In his closing submission justice lawyer Macnab noted that Young’s “short conversation” with Garven happened after she spoke with Emsley.

Garven had been subpoenaed but not called to testify.

Still under cross examination Young stated “she understood the purposes of the PSA [Public Services Act] but considered that the government’s agenda could not go ahead effectively with individuals who did not have the government’s confidence.”

So in Young’s mind it would appear that the Saskatchewan Party’s agenda and its implementation take precedence over the Act.

Young “confirmed that the termination of Mr. Walker had nothing to do with his performance; and that in doing so, she did not review his personnel file nor interview him prior to his termination, nor did she engage in a “Planning for Success” performance review process due to the fact Mr. Walker was on secondment for the entire time she was DM of AEEL. Neither did she offer Mr. Walker the chance to respond to the decision to terminate his employment.”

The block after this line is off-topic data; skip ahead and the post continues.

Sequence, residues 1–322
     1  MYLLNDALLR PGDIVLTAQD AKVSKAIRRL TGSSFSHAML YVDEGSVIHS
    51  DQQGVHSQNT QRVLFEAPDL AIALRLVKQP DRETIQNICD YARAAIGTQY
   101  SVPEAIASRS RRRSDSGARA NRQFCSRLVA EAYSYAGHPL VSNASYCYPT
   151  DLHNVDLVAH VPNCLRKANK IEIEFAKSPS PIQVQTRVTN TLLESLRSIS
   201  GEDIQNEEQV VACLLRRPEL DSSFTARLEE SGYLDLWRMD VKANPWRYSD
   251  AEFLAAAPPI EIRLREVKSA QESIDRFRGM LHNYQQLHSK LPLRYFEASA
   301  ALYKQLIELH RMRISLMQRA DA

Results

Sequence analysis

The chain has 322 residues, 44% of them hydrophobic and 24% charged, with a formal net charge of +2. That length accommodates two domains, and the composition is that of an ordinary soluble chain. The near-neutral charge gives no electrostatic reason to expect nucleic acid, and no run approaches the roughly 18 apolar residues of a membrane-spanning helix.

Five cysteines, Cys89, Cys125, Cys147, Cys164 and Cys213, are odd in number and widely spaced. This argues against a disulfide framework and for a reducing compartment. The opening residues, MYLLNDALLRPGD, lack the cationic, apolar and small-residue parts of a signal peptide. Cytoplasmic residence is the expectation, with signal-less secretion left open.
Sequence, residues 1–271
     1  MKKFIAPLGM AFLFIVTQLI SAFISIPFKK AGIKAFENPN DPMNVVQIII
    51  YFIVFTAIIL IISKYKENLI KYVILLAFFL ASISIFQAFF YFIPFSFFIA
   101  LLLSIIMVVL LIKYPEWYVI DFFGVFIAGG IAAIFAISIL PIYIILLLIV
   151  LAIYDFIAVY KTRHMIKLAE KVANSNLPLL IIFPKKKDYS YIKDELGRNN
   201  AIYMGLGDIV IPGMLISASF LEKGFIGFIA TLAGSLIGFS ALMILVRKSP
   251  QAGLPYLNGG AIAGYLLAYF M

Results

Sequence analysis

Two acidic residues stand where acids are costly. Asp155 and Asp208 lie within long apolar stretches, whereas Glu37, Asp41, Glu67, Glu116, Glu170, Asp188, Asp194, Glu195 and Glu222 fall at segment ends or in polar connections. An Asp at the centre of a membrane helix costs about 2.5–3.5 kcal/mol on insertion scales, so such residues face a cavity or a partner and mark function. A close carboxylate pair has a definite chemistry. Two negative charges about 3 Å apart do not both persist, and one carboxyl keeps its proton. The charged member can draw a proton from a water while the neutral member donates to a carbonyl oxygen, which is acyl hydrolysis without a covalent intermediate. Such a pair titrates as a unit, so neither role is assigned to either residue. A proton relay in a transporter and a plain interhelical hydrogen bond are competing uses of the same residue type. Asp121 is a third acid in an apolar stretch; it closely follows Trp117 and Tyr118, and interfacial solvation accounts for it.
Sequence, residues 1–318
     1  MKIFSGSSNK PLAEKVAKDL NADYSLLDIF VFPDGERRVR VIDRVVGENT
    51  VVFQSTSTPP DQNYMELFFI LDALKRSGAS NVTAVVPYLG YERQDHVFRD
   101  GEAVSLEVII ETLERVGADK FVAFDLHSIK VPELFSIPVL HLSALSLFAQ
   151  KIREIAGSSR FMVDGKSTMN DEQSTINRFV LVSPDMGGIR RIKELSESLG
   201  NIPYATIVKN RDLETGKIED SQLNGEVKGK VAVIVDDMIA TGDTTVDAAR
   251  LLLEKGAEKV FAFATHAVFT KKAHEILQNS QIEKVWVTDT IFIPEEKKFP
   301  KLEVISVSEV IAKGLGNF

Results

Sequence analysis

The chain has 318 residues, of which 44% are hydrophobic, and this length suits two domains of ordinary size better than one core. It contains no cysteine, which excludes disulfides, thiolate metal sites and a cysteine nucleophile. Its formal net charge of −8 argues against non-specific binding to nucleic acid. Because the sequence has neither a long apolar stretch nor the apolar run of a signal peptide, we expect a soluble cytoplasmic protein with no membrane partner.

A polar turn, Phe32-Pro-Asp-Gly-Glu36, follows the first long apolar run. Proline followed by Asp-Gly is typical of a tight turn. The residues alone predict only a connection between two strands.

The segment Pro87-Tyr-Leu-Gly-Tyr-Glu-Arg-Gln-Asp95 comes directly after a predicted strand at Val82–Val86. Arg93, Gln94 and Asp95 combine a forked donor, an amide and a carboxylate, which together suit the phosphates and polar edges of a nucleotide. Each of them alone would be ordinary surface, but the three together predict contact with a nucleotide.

The hearing heard that Young “had being doing a review of the management make-up of the ministry going forward and it was in this context that she received the call from Mr. Emsley and decided to terminate the employees named who lacked the confidence of the government. In her mind, without government confidence, they could not be effective in the new organization of the combined ministry.”

“She did not know or inquire as to the reasons the government did not have confidence in Mr. Walker,” the ruling states.

“She confirmed, as a former Chair of the PSC, she still feels bound by the Oath of Office of a Public Service Commissioner and agrees with it and the merit system.”